Try my low-calorie peach pineapple smoothie if you are looking for a fruity blended drink to provide some summer refreshment. It is whipped up to be SO CREAMY that you’ll want to eat it with a spoon! This pineapple peach smoothie has an ingredient that drew the most family controversy out of all my smoothie recipes this week. Keep reading to find out what it is!
This peach pineapple smoothie is a good one if you have a fat loss goal. You’re getting a high-volume, super creamy, delicious dessert for under 100 calories with this recipe.
I’ve whipped this healthy shake up to be so light and airy that I am hesitant to call it a smoothie. Don’t forget your spoon!
I don’t recommend doubling this peach and pineapple smoothie recipe. It’s much easier to make a smooth smoothie if you don’t double the recipe. The pineapples and peaches seemed to have an easier time breaking down when given more space.
Additionally, my processor ended up wholly filled with this peachy, pineapple-y smoothie fluff, whether I doubled the recipe or not.
That means you can get the same volume of food for half the calories if you DON’T try to scale up the recipe. This is great news for volume eaters, such as myself. I’ll definitely be giving my processor the extra room to whip more air into my smoothies from now on!
- 🍑 Peach Pineapple Smoothie Ingredients
- ⭐ Pineapple Peach Smoothie Benefits
- 🍍 How to Make a Peach Pineapple Smoothie
- 🌡️ How to Store Smoothies
- 🍓 What fruits blend well with peaches?
- 📋 Peach Pineapple Smoothie Calories
- 🥛 Peach Pineapple Smoothie Nutrition Information
- 💭 Expert Tips from a Dietitian
- 👩🏻🍳 More Low Calorie Smoothies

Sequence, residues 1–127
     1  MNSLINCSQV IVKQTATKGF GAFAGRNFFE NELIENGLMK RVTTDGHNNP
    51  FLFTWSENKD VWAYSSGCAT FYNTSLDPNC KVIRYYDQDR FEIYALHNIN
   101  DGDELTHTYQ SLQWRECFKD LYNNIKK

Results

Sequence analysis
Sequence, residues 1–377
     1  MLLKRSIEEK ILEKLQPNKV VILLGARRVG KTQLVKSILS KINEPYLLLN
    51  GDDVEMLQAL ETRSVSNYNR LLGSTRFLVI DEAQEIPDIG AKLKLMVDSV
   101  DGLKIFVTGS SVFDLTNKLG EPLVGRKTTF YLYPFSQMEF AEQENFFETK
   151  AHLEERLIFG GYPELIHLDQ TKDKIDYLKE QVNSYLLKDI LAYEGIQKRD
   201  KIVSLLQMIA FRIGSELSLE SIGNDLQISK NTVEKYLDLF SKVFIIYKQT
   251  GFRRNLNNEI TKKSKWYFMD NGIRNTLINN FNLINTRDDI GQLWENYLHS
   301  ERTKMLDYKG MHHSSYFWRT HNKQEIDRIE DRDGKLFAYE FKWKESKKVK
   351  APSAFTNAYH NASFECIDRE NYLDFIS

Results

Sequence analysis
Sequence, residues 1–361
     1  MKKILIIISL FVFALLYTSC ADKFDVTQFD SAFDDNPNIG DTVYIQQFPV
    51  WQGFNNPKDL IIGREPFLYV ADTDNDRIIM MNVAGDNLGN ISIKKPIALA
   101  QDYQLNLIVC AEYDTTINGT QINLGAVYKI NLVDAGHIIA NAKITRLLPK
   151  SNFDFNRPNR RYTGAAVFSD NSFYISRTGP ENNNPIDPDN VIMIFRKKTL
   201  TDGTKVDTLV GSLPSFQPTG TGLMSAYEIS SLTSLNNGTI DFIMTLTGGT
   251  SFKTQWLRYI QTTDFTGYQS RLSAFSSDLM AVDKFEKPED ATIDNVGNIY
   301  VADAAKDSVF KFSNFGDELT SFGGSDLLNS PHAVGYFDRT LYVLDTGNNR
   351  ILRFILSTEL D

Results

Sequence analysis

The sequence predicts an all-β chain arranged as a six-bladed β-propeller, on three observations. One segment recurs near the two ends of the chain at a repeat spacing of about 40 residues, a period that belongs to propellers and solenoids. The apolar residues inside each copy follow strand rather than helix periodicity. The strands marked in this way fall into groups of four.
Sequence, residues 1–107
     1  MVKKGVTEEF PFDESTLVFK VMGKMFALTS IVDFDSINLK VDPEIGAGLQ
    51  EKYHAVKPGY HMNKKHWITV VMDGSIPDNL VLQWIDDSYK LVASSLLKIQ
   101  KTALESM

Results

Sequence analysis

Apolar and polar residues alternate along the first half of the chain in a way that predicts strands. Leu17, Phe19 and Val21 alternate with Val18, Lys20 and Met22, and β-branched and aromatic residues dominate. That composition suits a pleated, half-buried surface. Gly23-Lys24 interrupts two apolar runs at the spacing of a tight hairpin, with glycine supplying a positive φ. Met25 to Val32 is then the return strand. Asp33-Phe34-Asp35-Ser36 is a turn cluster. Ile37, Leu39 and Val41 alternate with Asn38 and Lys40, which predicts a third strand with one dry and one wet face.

- The Disclaimer…
- 📖 Recipe
- 💬 Comments
🍑 Peach Pineapple Smoothie Ingredients
Here’s what you need to make a pineapple peach smoothie without yogurt:
- ½ cup chopped frozen peaches
- ½ cup chopped frozen pineapple (very ripe)
- ¾ cup milk (I used 2% milk)
- ½ teaspoon orange zest
If you don’t have frozen fruit, you can use fresh fruit or canned fruit in juice or water (not heavy syrup) that has been drained for this recipe. Just make sure to freeze your fruit before making this low cal smoothie. Here are directions for how to freeze peaches.
I did something a little controversial with this peach and pineapple dessert. I added a touch of orange zest to the frozen peaches and pineapples. (Orange zest has far more concentrated orange flavor than orange juice, which is why I went for the zest.)
I was so happy when I tasted the blended smoothie. I thought that the touch of orange made the dish perfect. (Hot tip! I provide a different spin on the tasty fruit combination in my peach and pineapple salsa recipe.)
The rest of my household, however, experienced things differently. They thought that tiny touch of orange ruined the smoothie, turning what would otherwise be sweet into something bitter.
My advice is to skip the zest if you tend to dislike bitter flavors more than average. Otherwise, leave it in and enjoy!
(So, which of us is right? If you try my peach pineapple smoothie, drop us a comment below and let me know what you think!)
In terms of kitchen equipment, I prefer to use a large food processor instead of a regular blender for smoothies. I find that food processors do a better job blending smoothies to be completely smooth. If you have a high speed blender (such as a Vitamix or NutriBullet), that should work too.
⭐ Pineapple Peach Smoothie Benefits
Why make peach pineapple smoothies? Here are some reasons to try this recipe: